Incubating innovation

As corporations continue to recognise the importance of innovation, more and more of them begin to look outside of the box to improve their innovation efforts.

In 2013 the Coca Cola Company launched their Coke Founders platform to help solve ‘shark-bite’ problems the company faces, that is those problems that cause “a whole ‘nother level of pain” according to Coke’s VP of Innovation and Entrepreneurship, David Butler. Since its launch, Coke founders has partnered with a global network of experienced entrepreneurs, investing in people, not products, selecting the entrepreneur/founder before they develop their start-up. 

By doing this, Coke’s considerable resources become available to experienced entrepreneurs, who use lean methodology and innovative approaches to solve Coke’s shark-bite problems.  A good example of the Founders platform in use was when it addressed Coke’s ‘Out-of-Stocks’ (when stock runs out in a retailers store) problem, which annually cost them around $1 billion in missed revenue.  Coke shared the problem with some San Francisco based entrepreneurs who created an on-demand model that works similarly to Uber, calling it Wonolo.  When a retailer sees they have an empty shelf, they send the job through to Wonolo.  Users of the app can accept the job, pick up the new stock from Coke and deliver it to the store, getting paid through the app just like Uber.  Now, with Wonolo operational, Coke is just one of 70 companies using their service.

Lego takes a different approach to innovation. In 2008 they founded their Ideas Platform, created with the intention of co-creating with the community and gaining access to the multitude of different ideas that consumers have for Lego products.  The platform allows fans to pitch their own ideas for Lego sets, creating an environment where they can gather support from the Lego Ideas community, similar to Kickstarter and Indiegogo.  Those ideas/sets that gain 10,000+ supporters are put up for review by Lego and if approved end up in stores, with the creator of the set being given a percentage of the sales, recognition for the set’s development and five complementary boxes of the end product.  Since it was started the Ideas Platform has lead to numerous products including Minecraft, Lego Architecture and the Ghost Busters 30th anniversary set being released to the market, often allowing Lego to attract consumers from previously untapped market segments.  Lego Ideas is a good example of a large corporation looking outside of their own four walls for ideas and innovative solutions in order to expand their reach and increase their appeal to consumers.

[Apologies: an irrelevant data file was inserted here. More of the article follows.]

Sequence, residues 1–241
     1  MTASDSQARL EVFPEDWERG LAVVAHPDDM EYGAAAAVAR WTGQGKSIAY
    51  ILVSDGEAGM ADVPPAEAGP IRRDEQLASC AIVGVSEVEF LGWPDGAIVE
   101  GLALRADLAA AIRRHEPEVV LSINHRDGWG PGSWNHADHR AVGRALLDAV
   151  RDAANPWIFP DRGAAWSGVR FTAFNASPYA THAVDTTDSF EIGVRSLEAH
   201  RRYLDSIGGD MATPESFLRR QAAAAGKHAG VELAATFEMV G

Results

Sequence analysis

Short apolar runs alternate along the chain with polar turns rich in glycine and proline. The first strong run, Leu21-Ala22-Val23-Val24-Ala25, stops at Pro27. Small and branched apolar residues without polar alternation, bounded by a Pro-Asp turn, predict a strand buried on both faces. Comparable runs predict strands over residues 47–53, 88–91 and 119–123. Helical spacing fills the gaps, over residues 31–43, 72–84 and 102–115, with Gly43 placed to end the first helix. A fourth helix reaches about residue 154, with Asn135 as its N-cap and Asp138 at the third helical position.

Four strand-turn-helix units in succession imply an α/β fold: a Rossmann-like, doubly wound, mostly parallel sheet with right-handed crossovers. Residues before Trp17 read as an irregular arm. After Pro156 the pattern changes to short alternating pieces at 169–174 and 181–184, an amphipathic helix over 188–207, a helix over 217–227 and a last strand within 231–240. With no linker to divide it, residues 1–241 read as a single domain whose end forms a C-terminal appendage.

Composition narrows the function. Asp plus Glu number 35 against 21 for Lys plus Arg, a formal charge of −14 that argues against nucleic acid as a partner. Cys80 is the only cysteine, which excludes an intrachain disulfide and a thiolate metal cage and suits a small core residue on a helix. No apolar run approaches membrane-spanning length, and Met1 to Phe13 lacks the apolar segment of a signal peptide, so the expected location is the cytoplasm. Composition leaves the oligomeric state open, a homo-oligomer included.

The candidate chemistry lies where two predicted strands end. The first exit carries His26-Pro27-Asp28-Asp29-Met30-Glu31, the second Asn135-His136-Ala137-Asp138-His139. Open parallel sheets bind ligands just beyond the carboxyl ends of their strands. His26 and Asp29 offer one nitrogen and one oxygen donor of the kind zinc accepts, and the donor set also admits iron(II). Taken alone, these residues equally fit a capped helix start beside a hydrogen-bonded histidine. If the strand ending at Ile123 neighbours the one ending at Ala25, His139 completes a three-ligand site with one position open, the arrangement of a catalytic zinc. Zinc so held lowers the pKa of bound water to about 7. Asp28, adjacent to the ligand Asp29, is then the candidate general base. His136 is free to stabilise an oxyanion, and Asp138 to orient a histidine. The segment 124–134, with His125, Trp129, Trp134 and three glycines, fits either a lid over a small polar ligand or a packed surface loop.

Starbucks runs a similar initiative, also launched in 2008 called ‘My Starbucks Idea’.  The online platform allows people from the public to suggest improvements that they would like to see in Starbucks cafés.  Suggestions then gain support through up-or-down votes from the online community. Those that gain the most support are reviewed by Starbucks and actioned if they fit the brand.  Starbucks’ initiative to offer free WiFi in their cafés was one of these ideas that was suggested and bought to life through the platform. 

IKEA also has a different approach to expediting innovation.  Based in Copenhagen, IKEAs innovation lab, Space 10, operates by bringing together creatives from the Copenhagen Institute of Interaction Design to explore the major challenges that are faced by people around the world, such as sustainability and energy consumption.  Space 10’s first experiment was the ‘Fresh Living Lab”, which ran over two weeks and revolved around helping people to live healthier, smarter lives.  One of the resulting innovations was “Heat Harvest”, created by design students Sergey Komardenkov from Moscow and Vihanga Gore from Mumbai.  Their device was created to capture wasted heat from everyday objects, such as a coffee mug or a recently used pot, transforming it into free green electricity through thermoelectricity.  Their solution works either as a stand-alone device or can be integrated into household objects such as tables.  One of the displayed uses of the device is to wirelessly charge a phone by harvesting the heat of a coffee jug placed on a table.

Ikea’s Space 10 lab allows the company to experiment with unique ways of solving problems that are faced the world over, giving them the opportunity to resolve them and then commercialise them in ways that are accessible to the mass market.

Early in 2015 Previously Unavailable founder James Hurman had the opportunity to interview Coke’s David Butler.  During the interview he asked him if there was an opportunity for Auckland to be part of the Founders platform. David’s answer was that “any company can do this [model], can go out and work with start-ups to try and get solutions to challenges that they can’t solve internally or quickly”. This is what these models do.  While Butler was specifically talking about the Founders platform, any of these ideas are applicable and usable. They all allow large, established corporations to try solve problems they face from outside of their corporate walls, letting them move faster and work leaner. This is the true key to incubating innovation – working outside of the confines of a corporate environment to be truly innovative.

For more Previously Unavailable ideas and innovations, check out previously.co